Shofar program blows sounds of Rosh Hashanah into public spaces
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Blowin' in the wind

Shofar program blows sounds of Rosh Hashanah into public spaces

Tzohar, which aims to bridge the religious-secular gap, hosts Shofar in the Park to bring New Year’s notes to masses

Jessica Steinberg covers the Sabra scene from south to north and back to the center.

Tzohar's Yom Kippur services, hosted annually in 350 communities around the country (Courtesy Tzohar)
Tzohar's Yom Kippur services, hosted annually in 350 communities around the country (Courtesy Tzohar)

Want to hear the shofar but not interested in going to synagogue?

Tzohar, the organization that aims to bridge gaps between Israel’s religious and secular populations, is hosting Shofar in the Park, a program encouraging more people to hear the clarion call of the ram’s horn on the Jewish New Year.

Volunteers from Tzohar and Ohr Torah Stone’s Yachad program will gather in public spaces throughout Israel on both afternoons of Rosh Hashanah to blow the shofar and discuss the Jewish New Year.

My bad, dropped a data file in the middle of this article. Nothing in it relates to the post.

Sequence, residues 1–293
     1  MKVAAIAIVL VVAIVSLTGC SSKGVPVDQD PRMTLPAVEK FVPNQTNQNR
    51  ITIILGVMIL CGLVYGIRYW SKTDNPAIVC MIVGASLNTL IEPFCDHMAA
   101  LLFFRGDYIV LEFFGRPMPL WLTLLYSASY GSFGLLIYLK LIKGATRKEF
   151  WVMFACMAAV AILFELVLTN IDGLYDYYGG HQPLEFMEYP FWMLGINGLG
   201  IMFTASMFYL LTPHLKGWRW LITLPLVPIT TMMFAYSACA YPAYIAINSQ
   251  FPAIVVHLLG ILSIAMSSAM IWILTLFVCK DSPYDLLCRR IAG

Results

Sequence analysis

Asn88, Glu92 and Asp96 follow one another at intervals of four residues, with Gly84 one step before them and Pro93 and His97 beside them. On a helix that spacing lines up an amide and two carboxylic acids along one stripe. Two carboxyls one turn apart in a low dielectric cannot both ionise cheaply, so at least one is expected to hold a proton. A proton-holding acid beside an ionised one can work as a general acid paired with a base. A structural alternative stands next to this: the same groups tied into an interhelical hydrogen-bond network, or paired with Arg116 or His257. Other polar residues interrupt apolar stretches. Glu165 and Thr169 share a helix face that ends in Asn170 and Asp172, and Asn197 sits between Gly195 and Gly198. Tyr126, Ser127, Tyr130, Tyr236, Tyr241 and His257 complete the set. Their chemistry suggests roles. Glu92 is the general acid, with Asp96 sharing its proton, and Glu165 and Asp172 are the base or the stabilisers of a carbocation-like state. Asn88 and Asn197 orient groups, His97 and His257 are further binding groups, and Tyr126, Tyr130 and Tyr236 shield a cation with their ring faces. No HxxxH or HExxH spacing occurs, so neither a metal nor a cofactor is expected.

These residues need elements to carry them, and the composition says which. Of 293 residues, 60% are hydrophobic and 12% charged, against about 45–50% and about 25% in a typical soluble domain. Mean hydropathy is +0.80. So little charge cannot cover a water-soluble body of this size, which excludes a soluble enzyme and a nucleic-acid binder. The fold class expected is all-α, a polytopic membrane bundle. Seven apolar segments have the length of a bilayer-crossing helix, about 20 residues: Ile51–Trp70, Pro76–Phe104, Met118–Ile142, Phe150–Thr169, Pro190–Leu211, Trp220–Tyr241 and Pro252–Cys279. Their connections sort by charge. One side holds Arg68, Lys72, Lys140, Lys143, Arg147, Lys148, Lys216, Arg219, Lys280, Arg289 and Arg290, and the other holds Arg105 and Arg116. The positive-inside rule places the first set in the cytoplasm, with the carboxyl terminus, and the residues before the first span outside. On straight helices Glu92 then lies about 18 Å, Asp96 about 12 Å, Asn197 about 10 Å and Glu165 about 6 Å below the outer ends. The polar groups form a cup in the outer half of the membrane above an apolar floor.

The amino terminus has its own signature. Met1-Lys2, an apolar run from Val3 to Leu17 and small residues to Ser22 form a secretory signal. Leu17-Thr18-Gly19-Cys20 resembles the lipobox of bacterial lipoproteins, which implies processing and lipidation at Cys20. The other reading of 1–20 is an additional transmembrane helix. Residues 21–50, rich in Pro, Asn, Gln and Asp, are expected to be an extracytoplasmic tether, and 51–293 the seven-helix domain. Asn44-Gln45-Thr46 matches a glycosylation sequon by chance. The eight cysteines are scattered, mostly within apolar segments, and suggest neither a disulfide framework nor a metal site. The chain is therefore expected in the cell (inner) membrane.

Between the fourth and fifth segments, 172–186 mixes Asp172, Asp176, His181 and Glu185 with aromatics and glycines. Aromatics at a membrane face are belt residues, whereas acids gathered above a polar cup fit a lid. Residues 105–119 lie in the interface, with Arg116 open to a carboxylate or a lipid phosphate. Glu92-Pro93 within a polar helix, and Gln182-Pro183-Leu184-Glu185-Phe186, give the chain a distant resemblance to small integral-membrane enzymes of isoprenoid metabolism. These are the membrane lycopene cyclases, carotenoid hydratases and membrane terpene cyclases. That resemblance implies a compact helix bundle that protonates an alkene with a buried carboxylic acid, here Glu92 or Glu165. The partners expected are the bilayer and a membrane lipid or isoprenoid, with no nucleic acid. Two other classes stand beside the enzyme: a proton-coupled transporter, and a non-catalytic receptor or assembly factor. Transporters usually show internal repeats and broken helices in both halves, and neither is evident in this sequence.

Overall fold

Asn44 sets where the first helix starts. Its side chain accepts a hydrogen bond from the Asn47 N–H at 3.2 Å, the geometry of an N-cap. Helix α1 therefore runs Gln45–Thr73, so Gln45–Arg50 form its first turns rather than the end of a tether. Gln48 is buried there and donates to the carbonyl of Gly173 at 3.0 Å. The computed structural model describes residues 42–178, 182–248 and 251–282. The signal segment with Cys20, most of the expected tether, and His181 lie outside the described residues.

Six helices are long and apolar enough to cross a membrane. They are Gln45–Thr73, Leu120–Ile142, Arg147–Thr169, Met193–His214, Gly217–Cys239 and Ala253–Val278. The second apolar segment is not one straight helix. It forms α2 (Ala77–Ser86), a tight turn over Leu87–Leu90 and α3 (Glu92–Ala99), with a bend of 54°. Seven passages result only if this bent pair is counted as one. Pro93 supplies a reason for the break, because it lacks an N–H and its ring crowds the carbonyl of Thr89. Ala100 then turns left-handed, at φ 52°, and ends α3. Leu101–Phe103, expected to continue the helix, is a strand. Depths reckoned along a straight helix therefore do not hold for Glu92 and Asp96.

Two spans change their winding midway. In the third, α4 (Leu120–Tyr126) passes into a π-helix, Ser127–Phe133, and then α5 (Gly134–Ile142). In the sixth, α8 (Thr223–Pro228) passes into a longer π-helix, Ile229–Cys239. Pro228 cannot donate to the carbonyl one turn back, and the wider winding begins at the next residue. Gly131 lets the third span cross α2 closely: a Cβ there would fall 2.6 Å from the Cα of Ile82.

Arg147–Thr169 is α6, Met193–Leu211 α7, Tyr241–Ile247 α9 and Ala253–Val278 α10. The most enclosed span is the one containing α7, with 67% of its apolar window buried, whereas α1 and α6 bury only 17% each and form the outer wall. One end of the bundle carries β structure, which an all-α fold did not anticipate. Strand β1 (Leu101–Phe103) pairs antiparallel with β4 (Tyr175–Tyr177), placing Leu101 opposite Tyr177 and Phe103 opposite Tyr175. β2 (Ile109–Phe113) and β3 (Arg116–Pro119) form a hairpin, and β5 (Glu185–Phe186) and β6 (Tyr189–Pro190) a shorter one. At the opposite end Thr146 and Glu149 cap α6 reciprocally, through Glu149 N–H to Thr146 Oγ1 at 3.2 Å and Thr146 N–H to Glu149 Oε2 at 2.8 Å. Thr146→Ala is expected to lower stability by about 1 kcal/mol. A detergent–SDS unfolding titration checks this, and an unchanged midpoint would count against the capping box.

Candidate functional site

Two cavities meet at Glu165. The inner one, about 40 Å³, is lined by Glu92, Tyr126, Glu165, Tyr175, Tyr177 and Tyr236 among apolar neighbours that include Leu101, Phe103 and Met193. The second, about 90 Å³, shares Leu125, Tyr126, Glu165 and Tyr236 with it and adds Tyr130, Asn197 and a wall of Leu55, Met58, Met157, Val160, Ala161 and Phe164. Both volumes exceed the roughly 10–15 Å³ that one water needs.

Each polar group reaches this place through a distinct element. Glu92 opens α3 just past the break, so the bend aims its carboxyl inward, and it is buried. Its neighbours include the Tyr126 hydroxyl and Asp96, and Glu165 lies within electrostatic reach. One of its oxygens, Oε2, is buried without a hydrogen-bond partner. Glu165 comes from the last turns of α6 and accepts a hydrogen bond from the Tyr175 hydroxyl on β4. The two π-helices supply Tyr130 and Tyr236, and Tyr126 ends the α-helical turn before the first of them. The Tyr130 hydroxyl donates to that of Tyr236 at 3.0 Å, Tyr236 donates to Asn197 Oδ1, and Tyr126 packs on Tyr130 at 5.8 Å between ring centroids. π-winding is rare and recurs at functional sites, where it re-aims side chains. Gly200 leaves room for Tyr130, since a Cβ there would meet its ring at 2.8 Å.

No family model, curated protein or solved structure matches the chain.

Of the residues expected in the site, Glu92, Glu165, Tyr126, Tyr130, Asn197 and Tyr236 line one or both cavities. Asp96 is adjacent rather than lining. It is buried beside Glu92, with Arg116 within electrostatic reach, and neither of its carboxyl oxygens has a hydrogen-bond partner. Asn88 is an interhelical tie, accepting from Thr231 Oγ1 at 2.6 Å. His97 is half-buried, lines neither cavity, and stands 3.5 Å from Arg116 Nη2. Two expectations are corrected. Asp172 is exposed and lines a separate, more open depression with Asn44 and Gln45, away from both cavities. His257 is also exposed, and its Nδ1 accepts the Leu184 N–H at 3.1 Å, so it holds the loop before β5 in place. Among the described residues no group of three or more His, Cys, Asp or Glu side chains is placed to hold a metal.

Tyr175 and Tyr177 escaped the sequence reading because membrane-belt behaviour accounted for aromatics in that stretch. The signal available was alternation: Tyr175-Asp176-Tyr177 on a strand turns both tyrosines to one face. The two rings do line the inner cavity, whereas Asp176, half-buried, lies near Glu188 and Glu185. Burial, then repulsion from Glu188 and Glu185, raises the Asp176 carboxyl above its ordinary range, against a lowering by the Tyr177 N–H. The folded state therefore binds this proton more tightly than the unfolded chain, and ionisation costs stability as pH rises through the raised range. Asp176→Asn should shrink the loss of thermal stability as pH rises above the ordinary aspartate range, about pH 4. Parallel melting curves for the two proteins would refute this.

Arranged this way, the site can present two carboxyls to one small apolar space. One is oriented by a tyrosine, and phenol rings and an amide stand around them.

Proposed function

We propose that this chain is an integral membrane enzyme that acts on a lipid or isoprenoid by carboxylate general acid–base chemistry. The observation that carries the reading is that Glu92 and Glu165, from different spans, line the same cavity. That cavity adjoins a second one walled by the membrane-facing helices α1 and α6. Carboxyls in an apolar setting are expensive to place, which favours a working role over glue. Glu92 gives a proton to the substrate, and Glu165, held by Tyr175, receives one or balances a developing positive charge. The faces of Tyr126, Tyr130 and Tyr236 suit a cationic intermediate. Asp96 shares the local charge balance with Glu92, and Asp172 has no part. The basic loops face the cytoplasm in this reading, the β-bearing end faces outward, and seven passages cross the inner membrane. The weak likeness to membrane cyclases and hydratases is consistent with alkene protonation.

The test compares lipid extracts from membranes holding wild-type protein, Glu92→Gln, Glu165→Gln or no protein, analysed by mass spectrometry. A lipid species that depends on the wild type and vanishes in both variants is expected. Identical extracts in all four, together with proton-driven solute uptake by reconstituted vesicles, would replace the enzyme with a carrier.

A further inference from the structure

A list of Israeli cities with a drop-down menu of neighborhoods, parks, and Tzohar contacts is available on the Tzohar website, in Hebrew and English.

The shofar-blowing activity developed from Tzohar’s annual Yom Kippur program, which has grown to 350 communities around Israel hosting Praying Together Yom Kippur services. This year, Tzohar expects to host 65,000 participants.

The concept is to make the high holidays more accessible, interesting, and relevant to Jews of all levels of observance, said Rabbi David Stav, the founder of Tzohar.

The Tzohar website also has a list of communities hosting Yom Kippur services, and users can order etrog and lulav sets for Sukkot, with delivery around the country.

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